Last week I wrote about how the independent dealer community gives back to their communities all year round. This week I want to share the story of how one dealership truly makes a difference during the holiday season. Impact Networking based in Waukegan, IL and with a total of 11 locations in Illinois, Wisconsin, and Indiana has done an amazing job of spreading holiday cheer to those in need during the Christmas season.
Impact’s flagship charitable holiday program is its Letters to Santa, a program started in 2005. This program relies on voluntary deductions from employees in order to support the dealership’s adopted Chicago Public School, Pickard Elementary, during the holiday season. During a three-month span, select employees use the contributions to purchase a personalized ‘want’ and ‘need’ gift for each student. After each gift is organized, employees volunteer to dress up as Santa and his elves to hand the gifts out at the school, where there is also an annual pizza party.
“This is an amazing way for our employees to give back to the community because they are helping out multiple families and can see how much their contributions mean to each child,” states Megan McClafferty, digital marketing assistant.
The cause is near and dear to Impact’s CEO Frank Cucco and his wife who coordinates the program and spends more than three months purchasing and wrapping the gifts herself with the gifts filling the Cucco’s basement before they’re delivered to the children.
Besides the Letters to Santa, each of Impact’s branches have a Season of Giving Food Drive with all food collected donated to local food pantries.
But the giving doesn’t stop there. Recently, Impact’s Indianapolis branch embarked on another charitable endeavor to support a local charity, Latino Community Development, a non-profit that provides health-related services to families in need and also hosts a Santa Comes to Town holiday party. This fall, Impact’s Indianapolis branch raised $3,600 through a silent auction at its Fall Technology Showcase for the non-profit. The money raised was used to purchase toys for the children and a turkey and a small kitchen appliance for their families.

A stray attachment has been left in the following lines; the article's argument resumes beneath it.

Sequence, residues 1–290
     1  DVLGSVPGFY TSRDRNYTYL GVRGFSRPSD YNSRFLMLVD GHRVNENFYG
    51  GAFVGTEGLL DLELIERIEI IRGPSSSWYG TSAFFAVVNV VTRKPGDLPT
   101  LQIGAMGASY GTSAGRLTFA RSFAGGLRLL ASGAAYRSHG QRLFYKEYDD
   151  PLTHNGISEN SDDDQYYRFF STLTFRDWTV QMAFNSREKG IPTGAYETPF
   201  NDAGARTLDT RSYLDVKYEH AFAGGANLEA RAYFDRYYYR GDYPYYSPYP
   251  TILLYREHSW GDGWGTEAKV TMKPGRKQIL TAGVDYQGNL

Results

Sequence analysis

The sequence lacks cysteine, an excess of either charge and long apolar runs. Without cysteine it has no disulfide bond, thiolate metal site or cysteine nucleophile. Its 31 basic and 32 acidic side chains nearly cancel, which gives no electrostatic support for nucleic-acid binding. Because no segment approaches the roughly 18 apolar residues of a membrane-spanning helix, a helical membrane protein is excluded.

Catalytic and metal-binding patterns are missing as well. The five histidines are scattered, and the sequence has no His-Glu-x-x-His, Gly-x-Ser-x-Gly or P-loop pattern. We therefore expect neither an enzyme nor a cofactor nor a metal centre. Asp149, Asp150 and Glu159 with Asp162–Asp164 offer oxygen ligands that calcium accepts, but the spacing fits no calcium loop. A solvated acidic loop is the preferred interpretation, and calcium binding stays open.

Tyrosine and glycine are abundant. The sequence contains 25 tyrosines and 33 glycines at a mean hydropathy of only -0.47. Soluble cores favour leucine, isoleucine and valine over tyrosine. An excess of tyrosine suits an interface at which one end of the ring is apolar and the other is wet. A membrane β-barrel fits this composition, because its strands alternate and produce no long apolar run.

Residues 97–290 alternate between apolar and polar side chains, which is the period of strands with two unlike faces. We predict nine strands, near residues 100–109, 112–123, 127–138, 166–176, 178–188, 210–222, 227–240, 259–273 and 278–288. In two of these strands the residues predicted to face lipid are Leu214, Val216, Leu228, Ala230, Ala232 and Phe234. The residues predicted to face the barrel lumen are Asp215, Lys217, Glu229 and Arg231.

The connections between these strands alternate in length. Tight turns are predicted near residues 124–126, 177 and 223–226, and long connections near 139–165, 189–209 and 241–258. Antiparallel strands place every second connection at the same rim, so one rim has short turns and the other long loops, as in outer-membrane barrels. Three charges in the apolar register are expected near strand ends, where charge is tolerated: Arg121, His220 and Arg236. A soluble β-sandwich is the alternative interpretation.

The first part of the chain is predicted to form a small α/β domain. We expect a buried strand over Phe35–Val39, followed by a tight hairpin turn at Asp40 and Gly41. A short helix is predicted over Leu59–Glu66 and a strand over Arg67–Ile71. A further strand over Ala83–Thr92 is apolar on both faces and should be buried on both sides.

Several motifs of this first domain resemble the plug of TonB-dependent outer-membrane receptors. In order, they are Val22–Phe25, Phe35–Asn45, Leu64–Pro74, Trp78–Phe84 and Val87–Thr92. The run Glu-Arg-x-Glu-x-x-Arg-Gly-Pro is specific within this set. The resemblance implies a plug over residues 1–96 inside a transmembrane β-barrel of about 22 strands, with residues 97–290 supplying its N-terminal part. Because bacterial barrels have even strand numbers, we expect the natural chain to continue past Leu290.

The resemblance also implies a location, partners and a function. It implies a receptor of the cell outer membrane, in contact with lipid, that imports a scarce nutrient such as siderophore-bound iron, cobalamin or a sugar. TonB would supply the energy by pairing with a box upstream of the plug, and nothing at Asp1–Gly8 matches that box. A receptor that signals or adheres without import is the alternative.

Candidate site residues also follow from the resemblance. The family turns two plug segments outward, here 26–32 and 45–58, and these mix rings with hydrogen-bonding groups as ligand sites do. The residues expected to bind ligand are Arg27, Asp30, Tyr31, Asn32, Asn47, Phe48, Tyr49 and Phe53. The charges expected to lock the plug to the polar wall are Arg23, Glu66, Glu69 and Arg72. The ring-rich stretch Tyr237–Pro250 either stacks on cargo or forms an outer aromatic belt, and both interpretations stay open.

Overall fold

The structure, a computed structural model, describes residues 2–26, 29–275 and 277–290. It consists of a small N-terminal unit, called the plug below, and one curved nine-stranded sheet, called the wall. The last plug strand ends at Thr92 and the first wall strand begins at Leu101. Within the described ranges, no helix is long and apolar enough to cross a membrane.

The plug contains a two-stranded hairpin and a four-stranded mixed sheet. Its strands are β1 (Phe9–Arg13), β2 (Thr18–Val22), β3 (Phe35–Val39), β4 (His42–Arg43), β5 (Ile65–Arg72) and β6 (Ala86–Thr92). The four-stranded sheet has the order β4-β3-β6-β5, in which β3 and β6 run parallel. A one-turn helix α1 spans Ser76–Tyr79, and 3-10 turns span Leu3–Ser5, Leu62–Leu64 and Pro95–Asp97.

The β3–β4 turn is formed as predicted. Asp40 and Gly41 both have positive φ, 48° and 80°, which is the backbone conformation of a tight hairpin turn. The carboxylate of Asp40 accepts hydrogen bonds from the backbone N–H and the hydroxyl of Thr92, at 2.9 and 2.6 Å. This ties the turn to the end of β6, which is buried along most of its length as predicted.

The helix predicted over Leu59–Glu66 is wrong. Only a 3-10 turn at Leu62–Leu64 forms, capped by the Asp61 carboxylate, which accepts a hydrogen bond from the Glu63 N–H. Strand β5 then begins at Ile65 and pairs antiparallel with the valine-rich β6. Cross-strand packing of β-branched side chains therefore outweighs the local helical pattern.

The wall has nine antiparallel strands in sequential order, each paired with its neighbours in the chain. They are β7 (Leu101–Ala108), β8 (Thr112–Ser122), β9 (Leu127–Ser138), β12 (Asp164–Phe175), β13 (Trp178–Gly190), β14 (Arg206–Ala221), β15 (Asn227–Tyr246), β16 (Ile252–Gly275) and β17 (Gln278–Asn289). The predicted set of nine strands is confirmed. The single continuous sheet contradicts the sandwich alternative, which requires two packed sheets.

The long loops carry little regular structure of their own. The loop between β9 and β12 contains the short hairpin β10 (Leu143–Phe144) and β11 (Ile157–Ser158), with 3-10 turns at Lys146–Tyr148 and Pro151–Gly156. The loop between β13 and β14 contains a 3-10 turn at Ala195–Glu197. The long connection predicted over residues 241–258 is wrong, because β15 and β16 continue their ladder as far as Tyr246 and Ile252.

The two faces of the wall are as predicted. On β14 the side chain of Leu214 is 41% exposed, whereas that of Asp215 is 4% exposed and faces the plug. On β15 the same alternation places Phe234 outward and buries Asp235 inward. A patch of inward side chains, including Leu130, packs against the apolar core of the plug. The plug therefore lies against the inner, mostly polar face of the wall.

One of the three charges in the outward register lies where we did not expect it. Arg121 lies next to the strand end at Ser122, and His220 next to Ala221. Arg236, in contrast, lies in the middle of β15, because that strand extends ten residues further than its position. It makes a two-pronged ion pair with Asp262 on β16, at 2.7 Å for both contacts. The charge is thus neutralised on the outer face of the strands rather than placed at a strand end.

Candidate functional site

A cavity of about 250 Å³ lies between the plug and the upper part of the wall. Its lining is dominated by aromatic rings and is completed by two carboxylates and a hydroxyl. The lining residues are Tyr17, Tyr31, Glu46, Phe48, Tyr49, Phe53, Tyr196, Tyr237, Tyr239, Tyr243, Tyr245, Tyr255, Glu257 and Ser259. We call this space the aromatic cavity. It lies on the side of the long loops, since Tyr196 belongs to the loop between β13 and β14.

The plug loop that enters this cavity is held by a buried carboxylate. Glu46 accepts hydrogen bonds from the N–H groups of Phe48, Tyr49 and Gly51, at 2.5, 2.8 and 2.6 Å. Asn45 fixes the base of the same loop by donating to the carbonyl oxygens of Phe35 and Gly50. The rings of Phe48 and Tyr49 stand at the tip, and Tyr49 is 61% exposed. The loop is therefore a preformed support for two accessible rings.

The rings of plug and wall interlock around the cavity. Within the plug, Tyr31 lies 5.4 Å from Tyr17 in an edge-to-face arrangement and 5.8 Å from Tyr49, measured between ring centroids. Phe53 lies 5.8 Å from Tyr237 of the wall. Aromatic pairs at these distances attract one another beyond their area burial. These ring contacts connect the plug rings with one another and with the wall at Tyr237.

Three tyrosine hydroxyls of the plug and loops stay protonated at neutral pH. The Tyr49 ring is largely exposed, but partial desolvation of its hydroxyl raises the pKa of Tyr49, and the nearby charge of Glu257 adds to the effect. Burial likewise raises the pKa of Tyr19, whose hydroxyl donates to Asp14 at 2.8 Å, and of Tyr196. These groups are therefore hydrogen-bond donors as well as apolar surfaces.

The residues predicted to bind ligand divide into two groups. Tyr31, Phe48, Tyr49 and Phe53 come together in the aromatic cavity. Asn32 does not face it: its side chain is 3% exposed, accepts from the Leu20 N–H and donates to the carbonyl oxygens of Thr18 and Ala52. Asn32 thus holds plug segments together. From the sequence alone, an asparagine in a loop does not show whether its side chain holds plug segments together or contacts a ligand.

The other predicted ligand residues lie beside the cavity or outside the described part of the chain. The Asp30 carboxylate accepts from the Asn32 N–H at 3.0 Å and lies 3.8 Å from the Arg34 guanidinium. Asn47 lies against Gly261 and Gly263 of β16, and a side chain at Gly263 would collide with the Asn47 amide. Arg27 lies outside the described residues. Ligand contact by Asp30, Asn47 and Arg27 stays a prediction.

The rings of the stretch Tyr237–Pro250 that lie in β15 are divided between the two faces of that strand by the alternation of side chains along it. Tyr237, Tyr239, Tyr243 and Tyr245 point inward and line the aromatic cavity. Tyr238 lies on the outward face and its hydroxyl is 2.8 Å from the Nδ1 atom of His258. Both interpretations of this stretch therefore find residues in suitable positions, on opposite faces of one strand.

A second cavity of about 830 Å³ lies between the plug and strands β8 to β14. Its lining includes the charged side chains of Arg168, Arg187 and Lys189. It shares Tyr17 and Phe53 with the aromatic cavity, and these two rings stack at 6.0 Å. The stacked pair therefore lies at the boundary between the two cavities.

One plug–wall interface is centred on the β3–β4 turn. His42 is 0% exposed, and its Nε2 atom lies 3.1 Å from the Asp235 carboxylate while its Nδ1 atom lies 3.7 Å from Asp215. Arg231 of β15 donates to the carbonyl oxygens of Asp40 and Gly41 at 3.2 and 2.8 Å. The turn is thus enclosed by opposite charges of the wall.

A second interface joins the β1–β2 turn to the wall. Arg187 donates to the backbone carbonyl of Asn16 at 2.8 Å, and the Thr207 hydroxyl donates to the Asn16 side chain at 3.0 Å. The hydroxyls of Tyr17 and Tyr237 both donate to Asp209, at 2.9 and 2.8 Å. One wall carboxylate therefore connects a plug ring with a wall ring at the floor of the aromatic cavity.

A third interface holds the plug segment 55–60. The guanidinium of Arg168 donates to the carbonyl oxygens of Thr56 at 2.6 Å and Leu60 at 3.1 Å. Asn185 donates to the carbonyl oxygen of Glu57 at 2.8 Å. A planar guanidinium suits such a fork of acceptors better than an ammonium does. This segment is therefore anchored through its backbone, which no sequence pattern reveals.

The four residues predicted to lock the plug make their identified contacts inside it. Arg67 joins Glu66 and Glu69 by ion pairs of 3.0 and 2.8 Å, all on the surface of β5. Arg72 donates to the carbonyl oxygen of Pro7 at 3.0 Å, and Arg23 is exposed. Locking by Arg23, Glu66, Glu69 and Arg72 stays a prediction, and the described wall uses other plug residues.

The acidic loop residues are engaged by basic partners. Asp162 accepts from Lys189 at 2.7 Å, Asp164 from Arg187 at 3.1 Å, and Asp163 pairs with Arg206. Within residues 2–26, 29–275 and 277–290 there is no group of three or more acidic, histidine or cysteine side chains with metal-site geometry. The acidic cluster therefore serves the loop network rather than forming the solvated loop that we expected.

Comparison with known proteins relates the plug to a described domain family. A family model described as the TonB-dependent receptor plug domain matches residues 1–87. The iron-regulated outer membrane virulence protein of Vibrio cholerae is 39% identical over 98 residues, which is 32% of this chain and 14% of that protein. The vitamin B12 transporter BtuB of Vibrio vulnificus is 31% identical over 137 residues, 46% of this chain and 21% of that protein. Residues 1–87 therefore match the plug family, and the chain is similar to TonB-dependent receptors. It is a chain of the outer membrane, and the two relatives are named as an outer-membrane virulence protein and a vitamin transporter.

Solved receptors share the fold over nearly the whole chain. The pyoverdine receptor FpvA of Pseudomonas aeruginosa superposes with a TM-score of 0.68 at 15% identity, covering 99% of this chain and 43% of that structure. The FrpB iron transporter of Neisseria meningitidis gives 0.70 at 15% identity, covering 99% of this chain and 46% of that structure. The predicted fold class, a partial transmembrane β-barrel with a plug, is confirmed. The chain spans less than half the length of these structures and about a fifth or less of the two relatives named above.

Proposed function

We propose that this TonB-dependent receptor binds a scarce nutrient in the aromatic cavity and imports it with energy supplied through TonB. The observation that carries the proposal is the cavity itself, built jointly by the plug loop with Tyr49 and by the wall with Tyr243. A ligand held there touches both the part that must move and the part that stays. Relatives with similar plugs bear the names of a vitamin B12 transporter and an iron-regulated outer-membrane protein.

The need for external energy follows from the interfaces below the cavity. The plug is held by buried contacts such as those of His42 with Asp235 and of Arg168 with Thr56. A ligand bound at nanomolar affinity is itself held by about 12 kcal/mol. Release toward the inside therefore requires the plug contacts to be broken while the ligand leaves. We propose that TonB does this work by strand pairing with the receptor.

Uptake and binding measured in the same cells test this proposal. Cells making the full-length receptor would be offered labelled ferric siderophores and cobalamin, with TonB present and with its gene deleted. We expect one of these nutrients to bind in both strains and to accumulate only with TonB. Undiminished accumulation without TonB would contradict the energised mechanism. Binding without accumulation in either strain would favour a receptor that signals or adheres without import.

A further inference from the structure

Latino Community Development organization takes care of about 1,000 families, or about 4,000 people on average. Impact has been involved with the organization for nearly two years now thanks to Chris Zvirbulis, Impact partner and general manager who serves on its Board of Directors.
Zvirbulis learned about Latino Community Development through a friend in the business community. It’s been an excellent match and has provided Impact with an opportunity to more closely connect with the Indianapolis business community and do something positive for those in need.
Zvirbulis, a father of five, was impressed by the impact the organization has had in the community since it was founded 15 years ago. Despite that history, Latino Community Development never had anyone on its Board with the business acumen of Zvirbulis who has been instrumental in soliciting sponsors.
“At the end of the day it’s a good cause,” states Zvirbulis who played Santa this year. “It’s more than just giving toys to the kids, it’s about helping the community and giving back to people who are a little less fortunate.”
About 25 Impact employees volunteered at the December 19 Santa Comes to Town event along with additional volunteers from the local business community. The party included a visit from the Mayor of Indianapolis and members of the Indianapolis Colts.
In addition to helping out at the Santa Comes to Town event, Impact employees can voluntarily elect to have a portion of their paycheck go towards funding the event. It’s not unusual either for employees to help find sponsors, create flyers, volunteer, or simply lend their support through their attendance at the event.
The event has a unique twist thanks to the Latino Community Development’s executive director who feels strongly that this isn’t just another charitable event. Families who attend are encouraged to bring cans of food which are then donated to a local food pantry. Initially this sounded a little strange to Zvirbulis, until Jenny Lauck, executive director Latino Community Development, explained that if you’re poor you don’t want to feel poor and that everyone needs to give back.
“Everyone gets something out of it and everyone feels better,” says Zvirbulis. “That’s a unique perspective she turned us on to.”
Overall, it’s been a gratifying experience for Zvirbulis and his family, all of whom helped out this year.
“I’m a father of five and I always had everything I needed growing up and my kids have always had everything they needed,” he says. “At some point you have to look at other people, not just yourself.”